Chazen Museum of Art
<i>Changing Hands</i>: Visual inventiveness meets technical skill.
The latest exhibition at the Chazen Museum latest exhibition is a mammoth one, with an equally mammoth title: Changing Hands: Art Without Reservation 3, Contemporary Native Art from the Northeast and Southeast. The traveling show organized by New York's Museum of Arts and Design runs through April 27.
That long, dry title is ultimately a little misleading; there are several artists from the Upper Midwest, including two Madisonians -- but that's no matter. Changing Hands is a terrific exhibition that showcases the work of 84 Native American artists in a wide variety of mediums. It's compelling viewing for anyone with an interest in contemporary art, Native cultures, or just sheer visual inventiveness.
Many of the artists featured in Changing Hands mesh interesting conceptual takes on Native American history and culture with a high degree of technical skill. One of the first pieces to catch my eye was Joel Queen's oversized ceramic vessel Quails. Monochromatic black with grooved, geometric designs, Quails possesses a kind of clarity that is instantly appealing. (Fun side note: It comes from the collection of fashion designer Tom Ford).
Some works explicitly play with blending time-honored cultural traditions with our current digital, hyper-connected world. Canadian artist Barry Ace combines beadwork from his Anishinaabek heritage with computer cables, small digital screens and other electronic flotsam in works like Bandolier, a play on a traditional bandolier bag. Fellow Canadian KC Adams examines similar themes with beaded iPhone and iPad cases.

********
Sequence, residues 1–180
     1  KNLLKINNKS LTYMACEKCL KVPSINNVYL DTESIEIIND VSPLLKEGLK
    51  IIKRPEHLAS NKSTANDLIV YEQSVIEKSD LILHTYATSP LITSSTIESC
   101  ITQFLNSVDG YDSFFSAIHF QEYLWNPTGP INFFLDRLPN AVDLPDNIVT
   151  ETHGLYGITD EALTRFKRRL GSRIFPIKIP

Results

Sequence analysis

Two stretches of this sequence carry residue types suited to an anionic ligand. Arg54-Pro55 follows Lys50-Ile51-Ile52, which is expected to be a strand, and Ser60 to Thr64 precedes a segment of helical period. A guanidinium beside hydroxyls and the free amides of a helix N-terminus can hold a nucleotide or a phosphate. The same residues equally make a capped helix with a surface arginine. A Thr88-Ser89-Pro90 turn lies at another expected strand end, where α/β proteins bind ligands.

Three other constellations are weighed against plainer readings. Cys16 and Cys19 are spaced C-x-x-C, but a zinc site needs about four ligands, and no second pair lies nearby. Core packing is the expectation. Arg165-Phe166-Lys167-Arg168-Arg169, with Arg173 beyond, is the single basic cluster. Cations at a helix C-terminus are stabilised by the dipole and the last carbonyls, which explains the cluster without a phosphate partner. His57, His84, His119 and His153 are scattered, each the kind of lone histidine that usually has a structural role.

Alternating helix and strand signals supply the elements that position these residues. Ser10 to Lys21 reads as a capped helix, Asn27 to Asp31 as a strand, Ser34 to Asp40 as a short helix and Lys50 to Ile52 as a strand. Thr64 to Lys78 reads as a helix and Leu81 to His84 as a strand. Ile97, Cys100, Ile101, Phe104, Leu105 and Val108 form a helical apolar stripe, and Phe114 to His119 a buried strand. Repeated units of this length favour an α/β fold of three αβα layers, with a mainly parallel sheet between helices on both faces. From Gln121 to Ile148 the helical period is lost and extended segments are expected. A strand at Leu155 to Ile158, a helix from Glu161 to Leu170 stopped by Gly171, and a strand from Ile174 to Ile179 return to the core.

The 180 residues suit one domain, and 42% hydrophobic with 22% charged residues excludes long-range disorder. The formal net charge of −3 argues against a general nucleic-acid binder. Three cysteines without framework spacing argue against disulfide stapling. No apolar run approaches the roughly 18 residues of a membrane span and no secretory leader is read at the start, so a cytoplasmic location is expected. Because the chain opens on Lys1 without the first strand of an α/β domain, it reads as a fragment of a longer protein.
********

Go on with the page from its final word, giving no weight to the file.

Virginia artist Faye Lone takes aim at the art world's pigeonholing of Native artists in Constructed Indian, her quilted response to a curator who told the artist that she wanted to see more "modern" work from her. Lone's quilt literally pieces together stereotypical images and phrases. Stepping back, one can see the quilt is in the shape of the prototypical "Indian head," an effect highlighted even more by the shadow it throws on the wall.
While there are some weak pieces -- no surprise in a show of this size and range -- there are plenty of delights. Changing Hands is heavy on three-dimensional mediums like ceramics, sculpture, metalwork and furniture, but the exhibition also includes photography, video and painting.
Other highlights include Wanesia Misquadace's exquisite containers of birchbark and mixed metalwork and Cody E. Harjo's mixed-media piece Kotcha Faces Climate Change, which is another timely riff on the bandolier bag form. Harjo, an Oklahoma-born artist now living in Brooklyn, uses a character named Kotcha (the Muscogee word for "cat") as a kind of alter ego. This urban cat paces the streets of New York City, coping with an ever-hotter planet amidst iconic skyscrapers. While the colors and geometry are bright and jazzy, Harjo's work carries a social message.
Many of the artists in this show are young (for example, Harjo is in her early 30s), so it's nice to see early-career artists shown alongside more seasoned ones. While more stringent curating could have shed a few disappointing works, Changing Hands remains dynamic and highly enjoyable.